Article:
Congress's track record since passage of the 1974 Congressional Budget Act heralded at the time as fundamen tal reform--has been a sorrowful picture of fiscal ne lect. Federal spending has tripled from $330 billion to $1 trillion, federal debt has swelled by nearly five-fold from $540 billion to $2.4 trillion. These runaway spending figures underscore the need f or tighter budgetary controls. Yet even these aggregate budget numbers do not reveal how systematically and shamelessly Congress manipulates the budget rulemaking process to serve narrow political ends. The following twelve tales of fiscal fraud expose so m e of Congress's worst recent crimes against the taxpayer de I cits have almost quadrupled from $50 billion to $180 billion, and the national -3 Horrm Story #1: con,gresS consistently Outspends the President such congressional leaders as Speaker of the Hou s e Jim Wright of Texas are ond of labeling the budget red ink of the 1980s "Reagan deficits since 1981 Congress has spent over $140 billion more than the White House has requested. Congress has outspent the President every year since 1976 (see Table 1 Clea r ly, any budget proposing spending cuts, from a Republican or Democrat president is "dead on arrival" when it reaches Capitol Hill Antidote: Empawer the president with a bitem veto Since presidents have proved themselves substantially more responsible budg e t cutters than Congress, the Executive Branch should be given a line-item veto--a budget tool possessed by 43 governors--to pare down spending to affordable levels Table 1 Federal Spen- con,gresS Versus the Resident Year (President) President's Budget Con g ressional Difference Request Billions) Spending Billions 1976 (Ford) 349 372 23 1977 394 409 15 1978 (Carter 1979 1980 198 1 440 500 532 6 16 1982 Reagan) 695 1983 757 1984 848 925 973 1985 1986 459 503 591 678 746 809 852 946 990 19 3 59 62 51 52 4 21 17 Average Congressional Spending over President's Request 30 Billion Horror Story #2 Why Congress's Budget "Cuts" Never Reduce the Deficit Why is it that Congress can enact "cuts" yet federal spending can rise by over 300 billion since Ronald Reagan entered office? The reason: Congress does not define a budget "cut in the same manner as does a business or a household.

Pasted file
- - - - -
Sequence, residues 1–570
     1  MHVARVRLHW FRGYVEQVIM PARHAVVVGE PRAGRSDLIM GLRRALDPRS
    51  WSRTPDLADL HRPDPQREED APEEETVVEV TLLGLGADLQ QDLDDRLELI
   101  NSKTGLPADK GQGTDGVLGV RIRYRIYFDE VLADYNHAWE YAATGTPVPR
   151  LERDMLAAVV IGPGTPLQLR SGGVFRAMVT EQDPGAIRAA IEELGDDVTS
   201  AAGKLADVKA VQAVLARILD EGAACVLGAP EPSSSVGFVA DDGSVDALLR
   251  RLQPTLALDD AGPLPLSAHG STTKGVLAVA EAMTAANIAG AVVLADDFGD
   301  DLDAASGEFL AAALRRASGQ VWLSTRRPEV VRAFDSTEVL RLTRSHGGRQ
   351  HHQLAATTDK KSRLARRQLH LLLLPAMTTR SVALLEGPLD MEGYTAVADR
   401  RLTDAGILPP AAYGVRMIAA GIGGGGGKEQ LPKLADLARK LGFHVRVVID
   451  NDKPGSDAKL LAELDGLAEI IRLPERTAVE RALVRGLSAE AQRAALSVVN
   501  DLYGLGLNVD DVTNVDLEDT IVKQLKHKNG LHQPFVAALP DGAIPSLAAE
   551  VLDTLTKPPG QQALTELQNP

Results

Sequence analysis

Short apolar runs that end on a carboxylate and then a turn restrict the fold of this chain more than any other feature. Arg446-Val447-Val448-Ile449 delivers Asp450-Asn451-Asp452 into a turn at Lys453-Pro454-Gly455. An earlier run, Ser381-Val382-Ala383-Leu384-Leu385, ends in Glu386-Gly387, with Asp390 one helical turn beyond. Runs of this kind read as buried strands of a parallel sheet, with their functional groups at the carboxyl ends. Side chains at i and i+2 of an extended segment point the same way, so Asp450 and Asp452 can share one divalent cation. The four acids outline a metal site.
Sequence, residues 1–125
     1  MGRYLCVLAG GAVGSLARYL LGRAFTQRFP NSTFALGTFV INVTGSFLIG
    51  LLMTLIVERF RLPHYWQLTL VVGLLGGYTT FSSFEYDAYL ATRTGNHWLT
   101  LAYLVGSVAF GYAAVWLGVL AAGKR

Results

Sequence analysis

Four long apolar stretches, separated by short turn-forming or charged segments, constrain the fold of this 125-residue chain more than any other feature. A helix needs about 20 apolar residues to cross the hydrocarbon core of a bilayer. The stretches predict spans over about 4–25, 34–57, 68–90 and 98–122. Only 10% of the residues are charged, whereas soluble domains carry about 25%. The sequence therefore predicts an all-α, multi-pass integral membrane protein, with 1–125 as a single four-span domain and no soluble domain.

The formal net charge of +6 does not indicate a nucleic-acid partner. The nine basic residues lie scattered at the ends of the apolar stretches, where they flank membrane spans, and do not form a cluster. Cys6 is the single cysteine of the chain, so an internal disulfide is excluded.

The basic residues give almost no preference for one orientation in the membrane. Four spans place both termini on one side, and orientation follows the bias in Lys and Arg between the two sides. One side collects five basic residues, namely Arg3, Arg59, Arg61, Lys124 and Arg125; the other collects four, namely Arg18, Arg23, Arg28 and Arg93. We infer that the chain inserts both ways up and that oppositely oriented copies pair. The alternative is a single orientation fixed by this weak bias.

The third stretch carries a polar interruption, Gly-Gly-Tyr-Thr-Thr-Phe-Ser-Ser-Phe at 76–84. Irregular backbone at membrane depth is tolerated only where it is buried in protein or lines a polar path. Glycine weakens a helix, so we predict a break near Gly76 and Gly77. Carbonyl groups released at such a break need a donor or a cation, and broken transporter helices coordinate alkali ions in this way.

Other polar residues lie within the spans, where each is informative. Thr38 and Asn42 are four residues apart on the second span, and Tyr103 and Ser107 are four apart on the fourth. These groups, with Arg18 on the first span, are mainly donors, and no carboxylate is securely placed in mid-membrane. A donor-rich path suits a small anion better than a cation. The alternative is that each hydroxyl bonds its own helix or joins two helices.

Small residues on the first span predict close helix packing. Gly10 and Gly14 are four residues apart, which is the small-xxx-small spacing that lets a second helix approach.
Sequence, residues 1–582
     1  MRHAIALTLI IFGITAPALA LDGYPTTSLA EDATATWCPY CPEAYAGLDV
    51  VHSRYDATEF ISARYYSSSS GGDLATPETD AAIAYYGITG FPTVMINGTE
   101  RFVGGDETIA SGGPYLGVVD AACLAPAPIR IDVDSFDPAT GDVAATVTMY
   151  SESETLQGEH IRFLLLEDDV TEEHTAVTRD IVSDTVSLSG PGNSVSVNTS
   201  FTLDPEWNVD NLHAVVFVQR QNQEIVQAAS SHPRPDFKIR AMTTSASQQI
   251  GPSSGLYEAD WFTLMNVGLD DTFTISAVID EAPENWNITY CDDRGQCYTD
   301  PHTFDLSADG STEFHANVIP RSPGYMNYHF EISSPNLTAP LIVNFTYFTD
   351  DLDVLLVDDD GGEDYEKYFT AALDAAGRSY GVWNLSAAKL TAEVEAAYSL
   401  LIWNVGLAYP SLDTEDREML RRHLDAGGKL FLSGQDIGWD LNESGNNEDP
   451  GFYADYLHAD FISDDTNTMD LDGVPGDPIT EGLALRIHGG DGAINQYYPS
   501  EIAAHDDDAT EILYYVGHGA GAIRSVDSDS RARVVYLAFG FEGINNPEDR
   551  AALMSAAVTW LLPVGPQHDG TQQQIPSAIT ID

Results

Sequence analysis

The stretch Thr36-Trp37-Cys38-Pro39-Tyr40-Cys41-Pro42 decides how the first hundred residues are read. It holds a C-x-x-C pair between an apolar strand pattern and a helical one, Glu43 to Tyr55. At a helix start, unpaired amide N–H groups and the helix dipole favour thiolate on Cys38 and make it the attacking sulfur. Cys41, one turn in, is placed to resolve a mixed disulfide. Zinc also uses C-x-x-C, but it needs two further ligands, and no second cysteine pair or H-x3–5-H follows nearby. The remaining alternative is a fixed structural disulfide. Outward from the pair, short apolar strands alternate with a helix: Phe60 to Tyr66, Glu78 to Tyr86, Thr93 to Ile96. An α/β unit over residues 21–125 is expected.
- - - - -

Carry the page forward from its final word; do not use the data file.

Almost all Americans define a budget cut as a reduction from what was spent last year. But not Congress. In congressional parlance, a budget c ut is any reduction 2. John Palffy Line Item Veto: Trimming the Pork Heritage Foundation Backgrounder No. 343, 0 April 3, 1984. -4 from what lawmakers call "current services." A program's current services budget is the amount that would have to be spent o n the program to maintain the same level of service as the year before.
The catch is that spending hikes, caused by inflation or even an increase in the number of eligible program recipients, automatically are built into the current services calculation easily may have a current services budget level of 150 million for next y e ar if more Americans become eligible for the program. Thus if Congress votes to increase this year's $100 million outlay to $140 million next year, it is not treated by Congress as the $40 million hike that it really is. Instead, Congress actually records this as a $10 million budget "cut Hence, a program with a $100 million spending level this year Antidote: Define budget cuts and increases on the basis of the previouS year's The current services baseline misleads and confuses the public. It should be scr a pped in favor of a spending freeze baseline.3 This would establish the previous year's spending level as the baseline, as is customary in the private sector. A spending cut would then be any reduction from the preceding year's s ending level proposed such budgeting-freeze scorekeeping earlier this year. The President could adopt this procedure unilaterally in his budget request spendiog The Senate Budget Committee's ranking Republican, Pete Domenici o 4 New Mexico Horror Story #3: bwer Deficits through Eco n omic Fantasy When the President released his FY 1988 bud et this January, Congress spent the next three months denouncing the budget as a a aud. Senator J. Bennett Johnston, the Louisiana Democrat, chastised the White House for ''using phony economic proj e ctions, such as an economic growth rate that is $15 billion too high."4 On the House side, Budget Committee Chairman William Gray, the Pennsylvania Democra blasted the White House economic forecasts as "unrealistic and "overly optimistic.6 But when Congre s s had to construct its own budget, it unblinkingly embraced the White House forecasts--even after the Administration itself had disavowed them Congress did so to produce projections allowing the deficit for its unambitious bud et to slip below the Grm-Rud m an-Hollings deficit Congressional Budget Office. But these produced some 25 billion too much red ink. Rather than going back and cutting additional spending, Congress blithely ignored the CBO P target. Congress originally ha d used the economic assum tion s supplied by its own 3. For full details, see Daniel Mitchell, "Spending Freeze: A Hot Idea to Reduce the Deficit Citizens for a Sound Economy, Capital Comment, December 30, 1986 4 President's Budget Called a Fraud The Washington Post, April 3, 1987, p. A -7 5. Quoted in Stephen Green Very Risky Fiscal Business The Washington nmw, April 28, 1987, p. D-1. -5 Antidote: Allow only one set of econamic assumptions Honest budget scorekeeping requires honest and consistent assum tions.